The company is expertly sassy and milk the audience for conniving lustful grins, but the choreography itself is below-standard Broadway fare. McKayle has nothing to add to the well-worn cliches of the genre and each number follows arbitrarily after the next without establishing either tension or shape. You feel as if you are watching dance routines extracted from some absent musical - the whole threadbare affair calling out for the extra flesh of dialogue and song.

In Donald Byrd's Dance at the Gym (1991) a few contemporary changes are rung around the same mating theme. The movement comes in cool lines with some sharp robotic rhythms. The sex is meaner and hungrier, the participants' narcissism more overt. The stereotypes remain the same, though - competitive macho men, calculating women - only here they're unrelieved by any boisterousness or good humour. It's a piece not only nasty but interminable. As Mio Morales' music bleeps and chugs purposelessly onwards, the dancers meet for yet another bout of antagonistic sexual display. Byrd's choreography looks bad on the company. Best at juicy propulsive movement, these dancers don't have the focus and precision of line, the neurotic edge to bring off this kind of alienated urban choreography.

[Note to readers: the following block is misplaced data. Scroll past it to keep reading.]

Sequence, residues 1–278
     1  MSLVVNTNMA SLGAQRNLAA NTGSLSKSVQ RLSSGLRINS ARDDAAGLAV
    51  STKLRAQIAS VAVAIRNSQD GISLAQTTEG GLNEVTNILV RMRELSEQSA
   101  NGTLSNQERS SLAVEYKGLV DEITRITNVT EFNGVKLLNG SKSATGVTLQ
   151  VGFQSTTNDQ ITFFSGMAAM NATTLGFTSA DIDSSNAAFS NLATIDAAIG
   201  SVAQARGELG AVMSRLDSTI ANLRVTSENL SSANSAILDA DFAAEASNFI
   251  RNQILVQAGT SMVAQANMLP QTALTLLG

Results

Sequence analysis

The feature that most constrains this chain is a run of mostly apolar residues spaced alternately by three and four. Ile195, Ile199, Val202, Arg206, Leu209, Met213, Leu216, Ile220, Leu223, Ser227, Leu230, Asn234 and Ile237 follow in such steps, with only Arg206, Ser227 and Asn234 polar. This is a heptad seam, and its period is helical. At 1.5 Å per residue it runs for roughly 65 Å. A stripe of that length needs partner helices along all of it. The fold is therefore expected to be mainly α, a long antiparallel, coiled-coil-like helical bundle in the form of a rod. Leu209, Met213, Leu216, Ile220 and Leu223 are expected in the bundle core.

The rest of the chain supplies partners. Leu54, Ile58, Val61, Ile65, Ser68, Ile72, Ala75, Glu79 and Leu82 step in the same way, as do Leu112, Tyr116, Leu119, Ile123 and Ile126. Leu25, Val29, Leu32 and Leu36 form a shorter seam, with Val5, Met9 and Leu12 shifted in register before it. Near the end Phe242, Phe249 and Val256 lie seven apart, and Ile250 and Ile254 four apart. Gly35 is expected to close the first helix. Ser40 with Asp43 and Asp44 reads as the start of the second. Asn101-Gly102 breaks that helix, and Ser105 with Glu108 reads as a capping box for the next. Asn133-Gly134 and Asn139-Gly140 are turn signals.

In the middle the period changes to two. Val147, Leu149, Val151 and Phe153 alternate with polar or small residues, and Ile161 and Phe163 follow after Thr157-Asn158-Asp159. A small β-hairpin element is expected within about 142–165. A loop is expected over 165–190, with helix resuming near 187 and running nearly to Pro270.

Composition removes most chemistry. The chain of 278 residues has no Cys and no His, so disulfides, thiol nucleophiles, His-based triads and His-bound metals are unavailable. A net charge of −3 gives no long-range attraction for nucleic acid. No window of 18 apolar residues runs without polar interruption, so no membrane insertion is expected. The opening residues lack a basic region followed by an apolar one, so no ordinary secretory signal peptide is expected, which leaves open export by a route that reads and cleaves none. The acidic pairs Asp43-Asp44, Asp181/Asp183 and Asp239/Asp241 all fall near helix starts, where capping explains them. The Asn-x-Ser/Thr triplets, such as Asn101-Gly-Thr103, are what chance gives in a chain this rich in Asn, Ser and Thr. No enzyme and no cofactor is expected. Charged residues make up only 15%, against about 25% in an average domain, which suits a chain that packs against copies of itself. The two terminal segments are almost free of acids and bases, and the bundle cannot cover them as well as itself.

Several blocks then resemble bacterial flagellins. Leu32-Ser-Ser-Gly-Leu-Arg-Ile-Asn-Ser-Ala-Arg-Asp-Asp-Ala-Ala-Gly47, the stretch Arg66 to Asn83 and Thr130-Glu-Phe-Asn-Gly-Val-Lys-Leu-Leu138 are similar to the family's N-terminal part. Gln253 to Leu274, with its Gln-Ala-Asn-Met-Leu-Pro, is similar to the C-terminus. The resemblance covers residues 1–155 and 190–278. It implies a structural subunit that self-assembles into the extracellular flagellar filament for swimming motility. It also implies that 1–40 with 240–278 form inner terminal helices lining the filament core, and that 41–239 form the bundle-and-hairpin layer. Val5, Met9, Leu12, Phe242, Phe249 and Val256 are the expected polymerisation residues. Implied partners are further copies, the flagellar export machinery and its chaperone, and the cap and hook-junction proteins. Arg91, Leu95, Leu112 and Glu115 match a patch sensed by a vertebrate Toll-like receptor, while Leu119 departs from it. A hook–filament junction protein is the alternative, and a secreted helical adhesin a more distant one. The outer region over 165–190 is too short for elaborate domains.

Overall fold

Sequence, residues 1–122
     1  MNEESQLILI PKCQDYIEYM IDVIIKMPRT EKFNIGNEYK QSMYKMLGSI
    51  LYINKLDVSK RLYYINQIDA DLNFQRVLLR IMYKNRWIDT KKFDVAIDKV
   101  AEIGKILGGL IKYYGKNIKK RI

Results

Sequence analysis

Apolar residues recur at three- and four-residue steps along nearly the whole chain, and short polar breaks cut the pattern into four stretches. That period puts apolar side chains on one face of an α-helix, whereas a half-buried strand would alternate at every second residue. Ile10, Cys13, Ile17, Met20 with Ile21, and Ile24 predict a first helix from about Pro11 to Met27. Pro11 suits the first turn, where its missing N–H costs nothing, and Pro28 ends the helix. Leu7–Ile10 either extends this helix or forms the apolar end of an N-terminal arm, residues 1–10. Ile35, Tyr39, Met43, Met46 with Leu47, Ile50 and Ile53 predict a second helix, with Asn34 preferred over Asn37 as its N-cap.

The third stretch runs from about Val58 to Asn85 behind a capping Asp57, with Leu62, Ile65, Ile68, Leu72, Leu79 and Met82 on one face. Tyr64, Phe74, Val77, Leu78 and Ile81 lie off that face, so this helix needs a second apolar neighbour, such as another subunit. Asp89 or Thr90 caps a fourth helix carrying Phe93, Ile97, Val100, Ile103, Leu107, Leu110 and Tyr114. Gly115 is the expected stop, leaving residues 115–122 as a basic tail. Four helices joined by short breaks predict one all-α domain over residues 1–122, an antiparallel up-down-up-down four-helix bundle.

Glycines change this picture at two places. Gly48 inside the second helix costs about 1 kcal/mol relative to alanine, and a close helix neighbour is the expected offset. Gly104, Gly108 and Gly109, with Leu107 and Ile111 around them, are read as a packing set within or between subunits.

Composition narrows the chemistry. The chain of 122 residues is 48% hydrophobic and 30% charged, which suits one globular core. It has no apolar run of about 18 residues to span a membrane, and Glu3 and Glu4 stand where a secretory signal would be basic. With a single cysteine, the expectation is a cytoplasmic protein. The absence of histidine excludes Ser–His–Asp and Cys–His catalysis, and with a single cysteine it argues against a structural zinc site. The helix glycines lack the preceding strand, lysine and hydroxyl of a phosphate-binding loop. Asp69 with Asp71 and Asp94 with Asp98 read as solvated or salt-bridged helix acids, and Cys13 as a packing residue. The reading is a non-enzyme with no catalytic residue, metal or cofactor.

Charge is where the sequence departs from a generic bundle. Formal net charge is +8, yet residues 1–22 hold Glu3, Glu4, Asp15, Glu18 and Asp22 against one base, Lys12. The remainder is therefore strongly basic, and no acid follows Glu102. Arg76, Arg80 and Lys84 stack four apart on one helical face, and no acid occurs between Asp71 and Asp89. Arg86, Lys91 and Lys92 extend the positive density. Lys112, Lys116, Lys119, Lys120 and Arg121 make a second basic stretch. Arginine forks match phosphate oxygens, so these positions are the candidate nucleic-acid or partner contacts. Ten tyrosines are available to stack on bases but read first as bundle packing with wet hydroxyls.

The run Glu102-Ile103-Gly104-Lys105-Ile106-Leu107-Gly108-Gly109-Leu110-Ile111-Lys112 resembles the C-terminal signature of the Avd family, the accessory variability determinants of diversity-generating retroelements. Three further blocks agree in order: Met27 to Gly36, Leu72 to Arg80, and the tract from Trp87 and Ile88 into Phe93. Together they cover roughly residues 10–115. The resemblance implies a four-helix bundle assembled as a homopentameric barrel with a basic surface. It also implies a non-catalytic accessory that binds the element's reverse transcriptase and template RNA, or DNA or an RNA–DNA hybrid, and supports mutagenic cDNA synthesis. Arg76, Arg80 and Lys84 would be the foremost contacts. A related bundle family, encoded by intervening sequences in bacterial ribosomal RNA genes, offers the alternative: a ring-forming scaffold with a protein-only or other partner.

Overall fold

In contrast to the souped-up sex of Byrd and McKayle, Kenneth MacMillan's Romeo and Juliet at the Royal Opera House seems like a fairytale of innocent first love, its passions erotic but unselfconscious, its ecstasies straightforward rather than perverse. On Tuesday, Irek Mukhamedov made his debut as Romeo, paired (in what has now become an established partnership) with Viviana Durante. The performance held few surprises but was mostly enthralling for all that.